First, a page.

Saturday, October 15, 2011

Value for Money?

Poor value for money!
With the recent news that most of Brisbane's rail network will continue have laughable 30 minute off-peak frequencies, and another huge 15% fare rise around the corner, BrizCommuter decided to take a look at the value for money of Brisbane's train network. The value for money has been calculated by dividing the cost of the cheapest available adult off-peak single for a 15km journey, by the Monday to Friday midday off-peak frequency (trains per hour). Exchange rates and fares are as of 15/10/2011.

Worst VFM

Melbourne Metro (Hurstbridge, Epping Lines) = $5.10/3tph = 1.70 *
Brisbane QR City (Ferny Grove, Caboolture, Shorncliffe, Cleveland, Beenleigh Lines) $3.13/2tph = 1.57
Brisbane QR City (Ipswich/Richlands Line) $3.13/4tph = 0.78
London National Rail (Chingford, Hayes Line) $3.08/4tph = 0.77 *
Melbourne Metro (Alamein, Lilydale/Belgrave, Glen Waverley Lines) $3.02/4tph = 0.76 *
Perth TransPerth (All Lines) $2.85/4tph = 0.71 *
Berlin S-Bahn (Most Lines) $3.04/6tph = 0.52 *
Melbourne Metro (Frankston Line) $3.02/6tph = 0.50 *
Los Angeles (Red Line) $1.45/5tph = 0.29 *
London Underground (Jubilee Line) $3.76/18tph = 0.21 *
Singapore SMRT (NE Line) $1.69/10 = 0.17

Best VFM

* donates daily ticketing options also available.

The results show that the majority of the Brisbane's off-peak commuters suffer from the second worst value for money train service of all the studied train lines. Only 2 lines in Melbourne fared worse, and that was due to the stations being just over the zone 2 border, and having Melbourne's worst off-peak frequency of every 20 minutes (still 50% more frequent than most of Brisbane's rail network). Lucky commuters on the combined Ipswich/Richlands Line fared only slightly better thanks to the 15 minute off-peak service to Darra. It is a huge disappointment that the Queensland Government and TransLink do not appear to be interested in improving the off-peak train frequency across the rest of Brisbane's rail network, despite the huge patronage increases of high frequency bus routes. The winners of Australia's best value for money train line are those on the Frankston Line in Melbourne, where the 15km mark is within zone 1, and trains run every 10 minutes off-peak. All Perth, and most Melbourne rail lines are better value for money than all lines in Brisbane.

It should be noted that all studied rail systems apart from Brisbane and Singapore (which is more than 9 times better value for money than Brisbane anyway) offer daily tickets, or daily capping, resulting in huge potential savings for passengers who need to make lots of journeys in one day. Melbourne's Myki ticketing system also offers cheaper Saturday, Sunday and Public Holiday fares. Brisbane's off-peak fares were used in this study. Unfortunately there are also many examples in Brisbane where an every 30 minutes off-peak train service is provided in the even more expensive peak fare period (which bizarrely starts at 2am when no trains are running!).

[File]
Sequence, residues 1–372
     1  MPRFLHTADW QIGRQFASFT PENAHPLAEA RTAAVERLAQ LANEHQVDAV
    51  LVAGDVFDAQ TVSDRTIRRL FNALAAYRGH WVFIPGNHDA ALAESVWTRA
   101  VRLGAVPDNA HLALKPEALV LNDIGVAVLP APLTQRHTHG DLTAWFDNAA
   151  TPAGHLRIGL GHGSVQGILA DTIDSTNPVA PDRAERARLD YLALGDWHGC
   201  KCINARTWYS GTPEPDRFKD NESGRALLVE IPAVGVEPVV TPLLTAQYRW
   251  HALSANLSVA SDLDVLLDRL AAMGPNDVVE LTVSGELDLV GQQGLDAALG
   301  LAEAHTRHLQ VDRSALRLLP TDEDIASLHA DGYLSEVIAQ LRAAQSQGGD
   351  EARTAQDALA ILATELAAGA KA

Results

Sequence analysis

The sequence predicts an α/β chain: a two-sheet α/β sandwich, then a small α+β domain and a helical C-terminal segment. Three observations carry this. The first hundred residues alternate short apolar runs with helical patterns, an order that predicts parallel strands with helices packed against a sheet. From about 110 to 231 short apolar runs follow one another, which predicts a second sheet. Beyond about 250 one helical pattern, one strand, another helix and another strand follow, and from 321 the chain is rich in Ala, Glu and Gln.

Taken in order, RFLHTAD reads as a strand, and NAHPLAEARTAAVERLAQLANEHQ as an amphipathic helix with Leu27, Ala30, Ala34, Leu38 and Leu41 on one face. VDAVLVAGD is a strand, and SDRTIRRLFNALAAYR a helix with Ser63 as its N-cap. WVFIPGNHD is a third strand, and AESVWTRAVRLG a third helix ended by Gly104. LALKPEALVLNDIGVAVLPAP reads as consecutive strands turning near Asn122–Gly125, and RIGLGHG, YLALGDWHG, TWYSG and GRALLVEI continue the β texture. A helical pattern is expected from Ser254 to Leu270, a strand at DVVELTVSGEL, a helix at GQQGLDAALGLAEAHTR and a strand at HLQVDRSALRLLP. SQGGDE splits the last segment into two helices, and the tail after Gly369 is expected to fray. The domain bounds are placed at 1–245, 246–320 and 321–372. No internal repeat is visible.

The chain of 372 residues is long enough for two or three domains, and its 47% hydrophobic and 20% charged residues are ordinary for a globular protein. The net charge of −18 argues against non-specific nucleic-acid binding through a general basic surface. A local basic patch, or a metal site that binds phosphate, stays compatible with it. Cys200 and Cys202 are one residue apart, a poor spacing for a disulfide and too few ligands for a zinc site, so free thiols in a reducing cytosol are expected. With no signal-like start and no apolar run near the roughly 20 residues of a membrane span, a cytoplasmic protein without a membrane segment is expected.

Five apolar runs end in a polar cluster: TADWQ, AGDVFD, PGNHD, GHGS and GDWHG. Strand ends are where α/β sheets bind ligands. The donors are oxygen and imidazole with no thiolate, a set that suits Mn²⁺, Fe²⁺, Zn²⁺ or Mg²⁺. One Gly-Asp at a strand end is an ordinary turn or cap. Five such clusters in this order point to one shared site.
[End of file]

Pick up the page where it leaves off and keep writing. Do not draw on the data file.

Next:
The latest TransLink Tracker Q4 2010/11 shows that rising fares have reduced train patronage, and the "affordability" statistic is plummeting. Can the Queensland Government and TransLink explain why SE Queenslanders have to contend with one of the least value for money suburban train networks in the world?


  1. If time=money, then how much money is wasted by passengers waiting for trains in Brisbane?

  2. Your Melbourne (Hurstbridge/Epping) vs Brisbane/other comparison has the most expensive Melbourne fare against the second cheapest Brisbane one.

    Comparing the 3-zone peak Brisbane peak fare against the 1-zone Melbourne peak is $3.68 vs $3.02. Both go around 13.5km to Keperra/Reservoir respectively. I guess Melbourne is still slightly worse value on the $/frequency comparison.

  3. Simon - thanks for pointing that out. BrizCommuter's brain must have turned off whilst waiting eons for a train. The blog post has been adjusted to reflect Z1-3 Brisbane fares.

  4. Thanks for the research on this. I'm glad you're out there thinking about it.

    I do think we also need to include the concept of population density along the routes.

    For example, to compare the Ferny Grove line with a line in Hong Kong doesn't make sense to me because of the wildly different population densities.

    I definitely absolutely utterly certainly DON'T want population density increase as the price of getting more frequent rail services.

    In fact, if I'm honest, the two things most important are the absolute regularity and reliability of train departure times; and being able to park at the station. Ferny Grove station is great for the first, but lousy for parking since we have to provide parking for the whole Samford hinterland where there is virtually no public transport.


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